Several of my memories of Mom center around birthday parties and cakes.
Having the entire 2nd grade (including the teacher) over for a fete under the crabapple trees in our suburban NY yard; later, after we'd moved to Big D, staying up 'til all hours waiting for Her Eldest (moi) to arrive home from college and greeting me with a Sara Lee Banana Cake (at the time my very fave, but apparently discontinued), candles and all.
Then there was the Excellent Adventure, which took place quite recently. Mom baked an All Chocolate Confection (tastes change with age, apparently) at the age of almost 80, had Daddy drop her at the Metro, trained 45 minutes out to the DC suburbs, and called announced from the pay phone at the Metro station.
"Happy Birthday." Terse, no prelude. "Come pick me up." She never minced words, that one.
I was born on Mother's Day. Mom used to tell me over and over again: "You were born when the lilacs were in bloom." When Mom smelled lilacs, she thought not of 24-hour, scary labor, but of Her Eldest.
Mom died two years ago in San Fran. She was an accomplished woman, when that term was still an oxymoron of sorts, and I was always proud of her for being different from all the other moms. And I inherited lots from her. Just last nite, while watching "Father of the Bride" on ABC Family with Ella Numero Dos, The Kid made a smart-ass crack; I promptly returned fire.
"Gosh, I just heard Baba come right out of your mouth!" The Kid exclaimed. No surprise there. Sometimes when I look in the mirror, I don't see myself, but Mommy staring back.
I'd like to honor My Mom, with the obit that ran in The San Fran Chronicle two years ago. The photo above was taken during her Pan Am years. I have edited, of course, To Protect The Innocent.
June R. died Wednesday, after a valiant struggle with Alzheimer's. June, who was predeceased by Frank, her husband of 52 years, died at home in SF, where she moved 10 months ago to live with her daughter.
During the 1940s, June had lived on Nob Hill in San Francisco, when she worked as a flight attendant for Pan American. Born in New Castle, IN, she was an air travel pioneer with her identical twin, Joanna. They were among the first wave of female flight attendants.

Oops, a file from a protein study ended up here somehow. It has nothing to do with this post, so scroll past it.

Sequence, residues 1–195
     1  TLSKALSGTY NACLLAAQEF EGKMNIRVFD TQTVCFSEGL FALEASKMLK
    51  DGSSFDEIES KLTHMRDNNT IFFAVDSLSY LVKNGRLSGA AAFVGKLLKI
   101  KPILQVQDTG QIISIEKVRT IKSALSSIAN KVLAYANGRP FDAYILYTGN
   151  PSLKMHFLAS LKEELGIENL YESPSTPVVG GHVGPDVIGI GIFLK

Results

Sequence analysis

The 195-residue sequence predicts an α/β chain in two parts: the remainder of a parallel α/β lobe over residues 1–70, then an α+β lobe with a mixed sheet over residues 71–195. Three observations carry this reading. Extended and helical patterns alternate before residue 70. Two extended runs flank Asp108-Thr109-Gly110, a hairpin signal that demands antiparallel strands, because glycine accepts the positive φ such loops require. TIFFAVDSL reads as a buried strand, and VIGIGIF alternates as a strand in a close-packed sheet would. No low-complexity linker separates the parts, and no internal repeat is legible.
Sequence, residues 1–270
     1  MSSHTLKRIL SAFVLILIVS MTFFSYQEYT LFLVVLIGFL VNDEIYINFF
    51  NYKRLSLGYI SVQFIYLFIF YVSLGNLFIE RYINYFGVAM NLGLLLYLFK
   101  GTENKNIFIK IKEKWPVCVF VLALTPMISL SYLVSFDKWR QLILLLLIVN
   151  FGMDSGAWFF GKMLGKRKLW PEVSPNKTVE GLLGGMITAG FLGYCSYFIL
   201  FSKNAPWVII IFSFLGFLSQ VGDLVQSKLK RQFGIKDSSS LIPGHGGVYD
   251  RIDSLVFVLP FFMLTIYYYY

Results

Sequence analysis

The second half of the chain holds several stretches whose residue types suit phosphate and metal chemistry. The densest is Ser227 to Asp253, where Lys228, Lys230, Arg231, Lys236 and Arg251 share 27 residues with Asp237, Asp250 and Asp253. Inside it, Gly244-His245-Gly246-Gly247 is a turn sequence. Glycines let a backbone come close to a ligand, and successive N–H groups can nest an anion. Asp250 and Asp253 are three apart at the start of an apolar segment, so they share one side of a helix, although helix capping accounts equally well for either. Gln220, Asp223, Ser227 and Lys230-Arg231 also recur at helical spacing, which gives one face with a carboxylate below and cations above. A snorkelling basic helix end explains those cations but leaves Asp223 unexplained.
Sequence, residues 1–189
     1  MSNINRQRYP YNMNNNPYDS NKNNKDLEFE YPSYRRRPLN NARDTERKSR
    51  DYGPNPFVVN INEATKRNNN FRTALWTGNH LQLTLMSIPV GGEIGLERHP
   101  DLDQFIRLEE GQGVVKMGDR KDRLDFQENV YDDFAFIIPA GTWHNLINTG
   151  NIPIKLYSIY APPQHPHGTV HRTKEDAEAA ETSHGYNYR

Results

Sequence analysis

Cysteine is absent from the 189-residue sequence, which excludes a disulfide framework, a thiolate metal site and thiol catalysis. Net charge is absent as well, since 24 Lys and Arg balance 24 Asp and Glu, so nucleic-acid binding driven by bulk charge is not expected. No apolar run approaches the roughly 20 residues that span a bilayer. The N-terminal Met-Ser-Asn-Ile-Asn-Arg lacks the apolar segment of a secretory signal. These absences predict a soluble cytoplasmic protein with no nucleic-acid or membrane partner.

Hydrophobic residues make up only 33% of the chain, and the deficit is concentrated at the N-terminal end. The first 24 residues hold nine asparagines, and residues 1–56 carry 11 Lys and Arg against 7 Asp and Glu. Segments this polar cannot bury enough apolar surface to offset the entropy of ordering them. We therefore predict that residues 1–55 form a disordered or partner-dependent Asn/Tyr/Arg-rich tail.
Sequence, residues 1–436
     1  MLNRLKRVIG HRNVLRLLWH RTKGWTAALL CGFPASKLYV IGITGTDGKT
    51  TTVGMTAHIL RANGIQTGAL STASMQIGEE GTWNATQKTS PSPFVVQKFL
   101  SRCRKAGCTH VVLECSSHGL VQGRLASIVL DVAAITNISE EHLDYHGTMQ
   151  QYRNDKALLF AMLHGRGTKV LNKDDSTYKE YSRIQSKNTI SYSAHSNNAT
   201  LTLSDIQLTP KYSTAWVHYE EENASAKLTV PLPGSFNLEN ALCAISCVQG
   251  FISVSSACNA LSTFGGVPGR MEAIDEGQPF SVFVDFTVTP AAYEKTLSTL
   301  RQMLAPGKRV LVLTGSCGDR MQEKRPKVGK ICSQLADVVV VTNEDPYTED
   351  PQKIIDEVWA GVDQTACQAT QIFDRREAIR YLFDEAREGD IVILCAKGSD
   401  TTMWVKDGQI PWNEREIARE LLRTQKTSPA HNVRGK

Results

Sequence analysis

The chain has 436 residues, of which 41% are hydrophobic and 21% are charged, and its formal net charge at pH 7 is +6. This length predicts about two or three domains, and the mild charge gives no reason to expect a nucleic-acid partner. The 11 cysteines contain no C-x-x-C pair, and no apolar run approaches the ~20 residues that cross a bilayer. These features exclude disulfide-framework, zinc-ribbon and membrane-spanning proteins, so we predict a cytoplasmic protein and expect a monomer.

Before taking to the air, June and Joanna briefly worked as secretaries in the US Embassy in Managua, Nicaragua. June first flew for TACA Airlines, based in San Jose, Costa Rica. During that time, she appeared in National Geographic in an article on Costa Rica. The photos were taken by the late, famed Geographic photographer Luis Marden. June embarked on countless flights on propeller planes throughout the Far East and Latin America. On February 27, 1948, she was on board and helped to successfully evacuate a DC Clipper bound for Calcutta that crashed after takeoff at San Francisco Airport.
Before returning to SF in 2005, June lived on Capitol Hill in DC with her husband for more than 20 years. After raising two daughters, June worked as an executive secretary at Tiffany and Co. in New York City, then briefly for a congressional committee in DC. During her retirement, she volunteered extensively, including at the National Gallery, the Kennedy Center and the National Cathedral. Survivors include her daughters and two granddaughters.
Folks who read that obit, which also ran in The Washington Post, still remark about Mom and her amazing life. I was stopped at the grocery store just the other day.
"Hey, Melisa B.," a neighborly acquaintance interjected, somewhere between the baked goods & the gallon jugs of distilled water. "Lovely tribute to your Mom."
John Lennon wrote "Julia" for "The White Album." Click on the title of this post for a listen. The lyrics pay homage to Lennon's Mom, and I dedicate it to My Mom. Happy Mother's Day!